How Else Can I Protect Myself From the Sun, and Our Coasts From Harmful, Chemical Sunscreen?

Use Sun Management

Even mineral-based sunscreens can negatively impact fish and coral reefs at high concentrations. The best thing we can do is limit products when recreating in high use areas. Effective sun protection methods include a balance of:

  • Avoiding sun exposure during peak sun hours (10 am – 2 pm)
  • Covering up- Wear hats and clothing (can be UPF or even just regular)
  • Using a more reef friendly sunscreen on exposed areas

Spread the Word and Advocate for Bans on Reef Harming Sunscreens

In addition to changing our actions and purchasing decisions to protect the marine environment, it's also important to spread awareness about the issue to friends, family and community members. At the local level, ensure that your town's stores are offering "reef friendly" sunscreen products, and encourage them to stop the sale of harmful products (feel free to share this handout with your community).

You can also advocate for local legislation that bans the sale and use of toxic sunscreens. For instance, in 2018, Hawaii passed the first ever statewide ban on oxybenzone and octinoxate sunscreens, soon after, island nations including Palau, Bonaire and Aruba followed suite. Due to widespread community support, the Florida Keys were also able to pass an oxybenzone and octinoxate sunscreen ban in Key West, but chemical companies have been working tirelessly to try and revoke this important legislation through the use of statewide preemption — learn more here.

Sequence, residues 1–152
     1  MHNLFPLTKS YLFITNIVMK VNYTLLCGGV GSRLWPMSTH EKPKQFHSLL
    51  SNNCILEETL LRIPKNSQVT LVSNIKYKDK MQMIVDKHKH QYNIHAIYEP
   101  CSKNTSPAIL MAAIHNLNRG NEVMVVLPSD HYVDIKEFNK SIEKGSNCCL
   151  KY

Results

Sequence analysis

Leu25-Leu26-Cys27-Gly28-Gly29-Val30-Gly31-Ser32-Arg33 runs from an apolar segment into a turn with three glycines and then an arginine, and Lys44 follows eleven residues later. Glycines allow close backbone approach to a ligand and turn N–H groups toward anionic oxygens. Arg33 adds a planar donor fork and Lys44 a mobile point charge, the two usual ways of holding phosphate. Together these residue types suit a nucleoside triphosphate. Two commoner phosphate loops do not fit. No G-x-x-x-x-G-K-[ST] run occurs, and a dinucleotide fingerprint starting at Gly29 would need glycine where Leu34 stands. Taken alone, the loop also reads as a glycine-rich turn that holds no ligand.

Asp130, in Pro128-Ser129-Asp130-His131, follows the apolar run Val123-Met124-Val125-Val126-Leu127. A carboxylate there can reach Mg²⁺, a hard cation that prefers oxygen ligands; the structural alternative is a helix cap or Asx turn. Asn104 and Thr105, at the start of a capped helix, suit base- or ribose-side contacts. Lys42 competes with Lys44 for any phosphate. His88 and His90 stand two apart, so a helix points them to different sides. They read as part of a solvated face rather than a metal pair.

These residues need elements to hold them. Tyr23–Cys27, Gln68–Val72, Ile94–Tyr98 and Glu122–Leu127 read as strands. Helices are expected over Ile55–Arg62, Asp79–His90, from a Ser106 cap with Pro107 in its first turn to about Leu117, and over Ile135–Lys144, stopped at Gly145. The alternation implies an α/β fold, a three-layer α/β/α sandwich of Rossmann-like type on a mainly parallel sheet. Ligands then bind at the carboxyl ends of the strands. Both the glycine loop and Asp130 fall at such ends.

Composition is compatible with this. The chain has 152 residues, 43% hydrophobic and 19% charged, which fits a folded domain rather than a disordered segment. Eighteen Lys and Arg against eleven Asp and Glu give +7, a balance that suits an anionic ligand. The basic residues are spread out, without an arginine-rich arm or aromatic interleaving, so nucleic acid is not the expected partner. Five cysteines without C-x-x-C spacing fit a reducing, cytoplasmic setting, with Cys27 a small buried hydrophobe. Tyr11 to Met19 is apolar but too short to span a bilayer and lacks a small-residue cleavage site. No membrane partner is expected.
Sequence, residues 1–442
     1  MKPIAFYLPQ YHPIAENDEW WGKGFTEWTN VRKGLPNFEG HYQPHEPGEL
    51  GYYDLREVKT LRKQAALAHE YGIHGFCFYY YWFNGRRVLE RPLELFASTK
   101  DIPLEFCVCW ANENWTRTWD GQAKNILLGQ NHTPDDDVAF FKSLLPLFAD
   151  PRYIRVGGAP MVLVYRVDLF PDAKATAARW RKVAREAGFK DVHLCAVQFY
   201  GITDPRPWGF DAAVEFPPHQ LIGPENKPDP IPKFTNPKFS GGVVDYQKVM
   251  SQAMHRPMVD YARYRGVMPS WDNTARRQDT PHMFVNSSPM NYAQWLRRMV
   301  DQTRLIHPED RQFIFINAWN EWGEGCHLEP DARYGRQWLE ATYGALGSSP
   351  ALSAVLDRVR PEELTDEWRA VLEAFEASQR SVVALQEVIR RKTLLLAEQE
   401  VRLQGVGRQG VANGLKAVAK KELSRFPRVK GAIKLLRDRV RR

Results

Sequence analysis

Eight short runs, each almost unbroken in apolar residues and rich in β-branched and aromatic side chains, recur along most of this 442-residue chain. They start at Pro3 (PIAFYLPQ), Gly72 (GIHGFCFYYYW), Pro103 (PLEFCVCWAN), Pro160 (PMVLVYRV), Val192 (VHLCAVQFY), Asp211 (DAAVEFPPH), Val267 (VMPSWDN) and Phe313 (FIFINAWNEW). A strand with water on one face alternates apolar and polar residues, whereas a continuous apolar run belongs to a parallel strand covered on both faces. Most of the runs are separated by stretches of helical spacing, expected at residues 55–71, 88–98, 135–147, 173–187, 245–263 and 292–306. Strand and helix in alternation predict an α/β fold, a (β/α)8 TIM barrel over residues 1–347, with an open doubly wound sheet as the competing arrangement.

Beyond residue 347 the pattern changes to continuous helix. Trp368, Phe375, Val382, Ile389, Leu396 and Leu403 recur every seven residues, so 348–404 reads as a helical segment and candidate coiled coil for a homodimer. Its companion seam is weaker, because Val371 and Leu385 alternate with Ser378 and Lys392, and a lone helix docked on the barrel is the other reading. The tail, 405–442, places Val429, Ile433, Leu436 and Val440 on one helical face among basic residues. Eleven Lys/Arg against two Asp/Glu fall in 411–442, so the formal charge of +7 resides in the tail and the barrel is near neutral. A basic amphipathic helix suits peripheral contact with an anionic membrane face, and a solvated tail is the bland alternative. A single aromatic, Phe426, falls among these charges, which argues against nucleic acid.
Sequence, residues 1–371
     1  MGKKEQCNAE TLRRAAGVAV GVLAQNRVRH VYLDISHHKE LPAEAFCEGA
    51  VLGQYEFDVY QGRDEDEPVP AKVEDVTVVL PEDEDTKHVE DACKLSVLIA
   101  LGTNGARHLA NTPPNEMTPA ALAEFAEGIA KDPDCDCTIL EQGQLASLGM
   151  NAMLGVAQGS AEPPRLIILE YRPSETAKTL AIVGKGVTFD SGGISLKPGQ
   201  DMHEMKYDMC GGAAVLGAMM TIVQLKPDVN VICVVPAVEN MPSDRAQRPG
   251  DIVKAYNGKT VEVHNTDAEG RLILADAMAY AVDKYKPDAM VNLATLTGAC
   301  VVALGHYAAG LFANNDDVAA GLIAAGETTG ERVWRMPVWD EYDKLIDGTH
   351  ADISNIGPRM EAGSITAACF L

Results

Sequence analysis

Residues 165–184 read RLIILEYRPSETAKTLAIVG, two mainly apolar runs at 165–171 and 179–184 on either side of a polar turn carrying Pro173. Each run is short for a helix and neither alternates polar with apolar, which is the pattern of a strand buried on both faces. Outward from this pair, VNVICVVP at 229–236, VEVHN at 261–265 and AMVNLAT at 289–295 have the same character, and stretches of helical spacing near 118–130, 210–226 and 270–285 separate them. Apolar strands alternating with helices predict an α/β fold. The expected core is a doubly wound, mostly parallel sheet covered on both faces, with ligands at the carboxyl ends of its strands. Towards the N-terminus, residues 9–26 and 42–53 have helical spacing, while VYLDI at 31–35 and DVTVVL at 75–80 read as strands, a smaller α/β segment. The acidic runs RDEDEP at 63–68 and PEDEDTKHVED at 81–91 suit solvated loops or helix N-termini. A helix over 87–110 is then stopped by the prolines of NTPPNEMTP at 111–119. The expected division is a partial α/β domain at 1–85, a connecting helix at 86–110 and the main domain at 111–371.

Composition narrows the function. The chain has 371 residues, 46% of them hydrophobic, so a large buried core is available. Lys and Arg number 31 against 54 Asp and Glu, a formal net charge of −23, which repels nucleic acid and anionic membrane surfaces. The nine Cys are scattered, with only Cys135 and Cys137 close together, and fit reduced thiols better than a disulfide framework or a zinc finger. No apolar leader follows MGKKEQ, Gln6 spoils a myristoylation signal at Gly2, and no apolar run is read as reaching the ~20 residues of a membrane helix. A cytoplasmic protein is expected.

At the federal level, you can ask your federal representatives to support the first federal bill to ban oxybenzone and octinoxate sunscreens in National Marine Sanctuaries with coral reefs! National Marine Sanctuaries are home to some of the ocean's most biologically diverse and culturally significant marine areas, and we need to ensure that these critical areas are protected from harmful chemicals, in addition to other damaging practices like oil and gas extraction.

Please call your House representatives in Washington DC and ask them to support HR 1834 — Defending Our National Marine Sanctuaries from Damaging Chemicals Act of 2019, and ask your Senate representative to support or sponsor a similar bill.

Learn more about "reef friendly" sunscreens, the negative impacts of chemical-based sunscreens and get a list of some great sunscreen options here.

EcoWatch Daily Newsletter